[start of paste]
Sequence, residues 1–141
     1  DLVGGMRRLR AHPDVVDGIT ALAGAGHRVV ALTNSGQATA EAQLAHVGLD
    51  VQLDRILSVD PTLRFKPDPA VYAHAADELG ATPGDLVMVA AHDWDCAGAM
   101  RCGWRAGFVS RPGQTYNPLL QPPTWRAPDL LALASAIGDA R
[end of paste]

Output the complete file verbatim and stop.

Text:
Sequence, residues 1–141
     1  DLVGGMRRLR AHPDVVDGIT ALAGAGHRVV ALTNSGQATA EAQLAHVGLD
    51  VQLDRILSVD PTLRFKPDPA VYAHAADELG ATPGDLVMVA AHDWDCAGAM
   101  RCGWRAGFVS RPGQTYNPLL QPPTWRAPDL LALASAIGDA R